There are a few things that could be considered downsides, depending on what your needs are. The first one is that if your child already has a Google account that is supervised by Google Family Link, you are unable to add that account to this phone. If your child has a Chromebook, tablet, or other device, you want to keep their account managed by Google Family Link, so you would have to create a different Google account to use with this phone.
Another problem is technically also a benefit, depending on your family. The problem is that the entire Google Play Store is available. You would need to do your own research if your child is requesting a specific app to install. With the other devices, they have done the legwork for you and have vetted the apps they allow to make sure they would be considered safe for your kids. If there are workarounds through the app, they let you know what those are. With the Bark Phone, you do not have this option, so you have to figure out what your child is able to do within the app in order to decide if you want to allow it.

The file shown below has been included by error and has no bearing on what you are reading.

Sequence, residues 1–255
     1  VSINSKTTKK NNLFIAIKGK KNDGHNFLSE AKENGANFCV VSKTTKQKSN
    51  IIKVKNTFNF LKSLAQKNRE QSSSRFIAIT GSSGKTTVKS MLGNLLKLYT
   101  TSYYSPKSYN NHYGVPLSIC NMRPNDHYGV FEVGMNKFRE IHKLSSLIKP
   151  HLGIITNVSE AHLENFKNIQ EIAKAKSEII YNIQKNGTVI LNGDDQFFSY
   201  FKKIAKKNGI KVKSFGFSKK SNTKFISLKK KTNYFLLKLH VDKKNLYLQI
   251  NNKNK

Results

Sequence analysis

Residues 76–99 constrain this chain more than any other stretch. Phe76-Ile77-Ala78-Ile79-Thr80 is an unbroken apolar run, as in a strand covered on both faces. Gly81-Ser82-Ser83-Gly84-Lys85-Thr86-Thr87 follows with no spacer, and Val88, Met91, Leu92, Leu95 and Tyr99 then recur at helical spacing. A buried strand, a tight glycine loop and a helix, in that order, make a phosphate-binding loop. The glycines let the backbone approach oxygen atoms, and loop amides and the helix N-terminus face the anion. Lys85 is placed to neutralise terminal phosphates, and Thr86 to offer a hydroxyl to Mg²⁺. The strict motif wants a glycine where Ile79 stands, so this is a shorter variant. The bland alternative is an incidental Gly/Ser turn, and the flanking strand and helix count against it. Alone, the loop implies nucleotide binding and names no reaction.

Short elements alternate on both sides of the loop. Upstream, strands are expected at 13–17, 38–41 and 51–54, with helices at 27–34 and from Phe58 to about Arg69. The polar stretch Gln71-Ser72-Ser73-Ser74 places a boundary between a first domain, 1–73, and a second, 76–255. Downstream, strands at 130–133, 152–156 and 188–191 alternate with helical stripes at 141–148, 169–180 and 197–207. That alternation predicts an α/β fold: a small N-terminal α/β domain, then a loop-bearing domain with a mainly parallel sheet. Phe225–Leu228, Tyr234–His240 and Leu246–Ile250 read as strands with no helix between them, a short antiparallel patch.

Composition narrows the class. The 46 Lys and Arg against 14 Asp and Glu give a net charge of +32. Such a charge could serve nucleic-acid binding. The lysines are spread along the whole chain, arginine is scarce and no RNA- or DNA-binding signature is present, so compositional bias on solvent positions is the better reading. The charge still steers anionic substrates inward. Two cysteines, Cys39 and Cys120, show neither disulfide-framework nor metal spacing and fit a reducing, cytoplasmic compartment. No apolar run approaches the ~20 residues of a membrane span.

The admin app is a little bit clunky to use. It has this great interface that helps you get to the settings you want, but it’s hard to get back to that screen once you tap into it. Finding the rest of the settings can be difficult as well, since it might be hard to understand which “mode” you are adjusting at any given time. Basically, the user interface could use a bit more work.
Finally, the last “con” is that you are unable to see the entirety of the conversation remotely. You can only see the snippet of the conversation that was flagged for concerning content within Bark. You can always grab the phone and see the rest of the conversation though, as mentioned above.
The Bark Phone is a really great option for parents, especially if your child is ready to dip their toes into social media, since the other kids safe phone options do not give you that ability. However, even if they aren’t ready for social media, you could still get this device and make it as locked down as you want. Get your Bark Phone by clicking here.